Posted by: rcottrill | February 11, 2015

The Unveiled Christ

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Words: Noah Benjamin Herrell (b. Mar. 8, 1877; d. May 10, 1953)
Music: Noah Benjamin Herrell

Links:
Wordwise Hymns
The Cyber Hymnal
Hymnary.org

Note: Noah Herrell was a pastor, until heart trouble led to his retirement. The Wordwise Hymns link will give you the story behind this 1916 hymn, for which Pastor Herrell wrote both words and music.

There has been a legal debate over whether Muslim women should be allowed to keep their faces covered with the hijab, when testifying in court. This veil is not mandated by the Quran, but it’s traditional to wear it as a sign of modesty. Opponents, while recognizing the principle of religious freedom, are concerned that there are times when seeing the woman’s face is important. Facial expressions in court, for example, can be one sign of truthfulness or deception.

The practice of women wearing veils is also found in the Scriptures. When Rebekah, was introduced to Isaac, her future husband, for the first time, “she took a veil and covered herself” (Gen. 24:65). But most times in the Old Testament the term is used of the curtain that separated the holy place from the holy of holies, in the tabernacle of worship, and later in the temple in Jerusalem.

In the holy of holies was the ark of the covenant. It was above the ark, between two golden cherubim, that the Lord revealed His presence in a blaze of glorious light (cf. Ps. 80:1). Admittance to that inner room was severely restricted. Only Israel’s high priest could enter, and then only once a year, on the Day of Atonement. At that time, he brought blood from the altar of sacrifice in the courtyard, and applied it to the lid of the ark (Lev. 16:14, 17).

It was symbolic, of course–the death of an innocent substitute atoning for the sins of human beings. In the final sense, the shed blood of an animal could not pay for human sin (Heb. 10:4). However, when offered in faith, God accepted it at the time, as a foreshadowing of the sacrifice of Christ yet to come, the One called “the Lamb of God who takes away the sin of the world” (Jn. 1:29).

All of this provides important background for something that happened when the Lord Jesus hung on the cross. The Bible says that, when He died, “behold, the veil of the temple was torn in two from top to bottom” (Matt. 27:50-51). Josephus says that huge woven veil was about three inches thick. No easy thing to tear! It is even significant how it was done. Not from the bottom up, as by someone standing below, but from top to bottom, as an act of God.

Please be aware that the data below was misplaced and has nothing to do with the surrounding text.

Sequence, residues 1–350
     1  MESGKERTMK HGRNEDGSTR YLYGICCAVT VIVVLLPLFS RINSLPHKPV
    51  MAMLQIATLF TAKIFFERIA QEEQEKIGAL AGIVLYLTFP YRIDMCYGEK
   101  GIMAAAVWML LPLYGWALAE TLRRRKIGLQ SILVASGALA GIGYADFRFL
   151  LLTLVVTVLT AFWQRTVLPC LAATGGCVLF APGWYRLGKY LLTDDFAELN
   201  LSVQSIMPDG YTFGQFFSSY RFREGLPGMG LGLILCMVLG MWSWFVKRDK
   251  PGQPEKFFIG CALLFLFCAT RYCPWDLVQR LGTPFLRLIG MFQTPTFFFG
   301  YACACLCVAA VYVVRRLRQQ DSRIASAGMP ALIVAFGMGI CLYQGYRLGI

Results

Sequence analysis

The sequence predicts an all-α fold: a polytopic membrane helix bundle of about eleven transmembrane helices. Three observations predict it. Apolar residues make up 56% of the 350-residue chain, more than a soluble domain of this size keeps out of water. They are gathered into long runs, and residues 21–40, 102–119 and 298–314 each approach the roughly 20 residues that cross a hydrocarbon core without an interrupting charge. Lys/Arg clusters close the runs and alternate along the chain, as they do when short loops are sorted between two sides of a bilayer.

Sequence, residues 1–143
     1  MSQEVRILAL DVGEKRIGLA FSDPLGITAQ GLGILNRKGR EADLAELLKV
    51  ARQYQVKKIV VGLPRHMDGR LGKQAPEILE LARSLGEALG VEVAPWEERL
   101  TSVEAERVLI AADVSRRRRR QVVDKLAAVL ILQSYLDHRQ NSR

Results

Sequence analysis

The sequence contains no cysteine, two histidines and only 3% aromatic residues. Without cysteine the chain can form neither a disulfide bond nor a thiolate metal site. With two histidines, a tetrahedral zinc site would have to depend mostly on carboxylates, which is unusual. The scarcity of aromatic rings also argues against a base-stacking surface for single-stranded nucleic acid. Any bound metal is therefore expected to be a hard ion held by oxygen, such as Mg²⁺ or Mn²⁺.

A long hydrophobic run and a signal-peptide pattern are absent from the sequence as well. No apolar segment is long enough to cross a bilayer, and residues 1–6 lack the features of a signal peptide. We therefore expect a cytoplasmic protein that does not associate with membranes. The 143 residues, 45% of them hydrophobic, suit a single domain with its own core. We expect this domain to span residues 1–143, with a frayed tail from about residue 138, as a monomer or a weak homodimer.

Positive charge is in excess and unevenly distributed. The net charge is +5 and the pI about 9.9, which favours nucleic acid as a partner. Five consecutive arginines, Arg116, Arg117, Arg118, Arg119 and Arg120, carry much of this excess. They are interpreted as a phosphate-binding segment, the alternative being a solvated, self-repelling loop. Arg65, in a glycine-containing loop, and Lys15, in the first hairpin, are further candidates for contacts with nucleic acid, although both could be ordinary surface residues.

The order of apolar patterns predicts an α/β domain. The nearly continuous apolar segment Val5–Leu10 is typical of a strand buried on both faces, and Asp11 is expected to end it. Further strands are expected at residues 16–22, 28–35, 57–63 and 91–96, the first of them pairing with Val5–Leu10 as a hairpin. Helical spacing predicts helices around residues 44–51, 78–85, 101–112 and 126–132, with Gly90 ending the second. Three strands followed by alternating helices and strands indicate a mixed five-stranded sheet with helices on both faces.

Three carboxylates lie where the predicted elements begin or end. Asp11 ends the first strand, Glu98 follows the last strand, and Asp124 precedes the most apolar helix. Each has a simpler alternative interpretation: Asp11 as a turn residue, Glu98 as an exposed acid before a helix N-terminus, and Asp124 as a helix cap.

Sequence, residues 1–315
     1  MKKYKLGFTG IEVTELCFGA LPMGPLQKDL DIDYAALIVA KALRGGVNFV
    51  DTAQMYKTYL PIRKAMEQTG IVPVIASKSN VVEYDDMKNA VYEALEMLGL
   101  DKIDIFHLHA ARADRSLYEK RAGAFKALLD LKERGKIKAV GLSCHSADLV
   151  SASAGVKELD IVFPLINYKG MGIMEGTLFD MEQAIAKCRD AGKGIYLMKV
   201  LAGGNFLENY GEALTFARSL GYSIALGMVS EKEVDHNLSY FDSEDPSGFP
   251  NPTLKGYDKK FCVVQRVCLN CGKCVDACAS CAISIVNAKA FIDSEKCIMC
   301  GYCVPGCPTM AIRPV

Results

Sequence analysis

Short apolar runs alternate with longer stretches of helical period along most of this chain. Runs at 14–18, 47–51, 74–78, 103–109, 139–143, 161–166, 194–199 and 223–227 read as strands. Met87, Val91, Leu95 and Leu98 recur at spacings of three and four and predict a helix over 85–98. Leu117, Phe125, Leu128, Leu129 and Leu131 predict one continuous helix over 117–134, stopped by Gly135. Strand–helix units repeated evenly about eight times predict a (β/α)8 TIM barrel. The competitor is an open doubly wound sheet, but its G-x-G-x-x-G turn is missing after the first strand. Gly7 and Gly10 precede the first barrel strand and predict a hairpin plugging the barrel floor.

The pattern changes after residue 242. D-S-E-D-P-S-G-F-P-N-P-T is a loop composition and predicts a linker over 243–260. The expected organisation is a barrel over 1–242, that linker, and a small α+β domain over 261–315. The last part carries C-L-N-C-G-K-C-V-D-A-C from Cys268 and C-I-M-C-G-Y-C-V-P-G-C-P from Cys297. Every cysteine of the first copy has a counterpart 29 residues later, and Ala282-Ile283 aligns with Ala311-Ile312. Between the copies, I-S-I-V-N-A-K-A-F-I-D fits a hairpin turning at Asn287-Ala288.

The veil represented a barrier between God and man, cut off from his Creator because of sin. But by the sacrifice of Christ, the shed blood of our Substitute, the way was opened for us to approach God. Through faith in His sacrifice, we are once more able to come before Him, in praise and prayer. And since we have this “new and living way,” God’s Word urges, “let us draw near” (Heb. 10:19-22).

CH-1) Once our blessèd Christ of beauty
Was veiled off from human view;
But through suffering, death and sorrow
He has rent the veil in two.

O behold the man of sorrows,
O behold Him in plain view;
Lo! He is the mighty Conqueror,
Since He rent the veil in two.
Lo! He is the mighty Conqueror,
Since He rent the veil in two.

CH-2) Now He is with God the Father,
Interceding there for you;
For He is the mighty Conqueror,
Since He rent the veil in two.

What a wonderful salvation, purchased for us by our Saviour. For our sake, He became poor (II Cor. 8:9). “Thanks be to God for His indescribable gift” (II Cor. 9:15). Now, ascended to the right hand of the Father, He intercedes for us (Heb. 7:25).

CH-3) Holy angels bow before Him,
Men of earth give praises due;
For He is the well belovèd
Since He rent the veil in two.

CH-4) Throughout time and endless ages,
Heights and depths of love so true;
He alone can be the Giver
Since He rent the veil in two.

Questions:
1) What is the only thing that can separate us from God today?

2) What can be done about that?

Links:
Wordwise Hymns
The Cyber Hymnal
Hymnary.org


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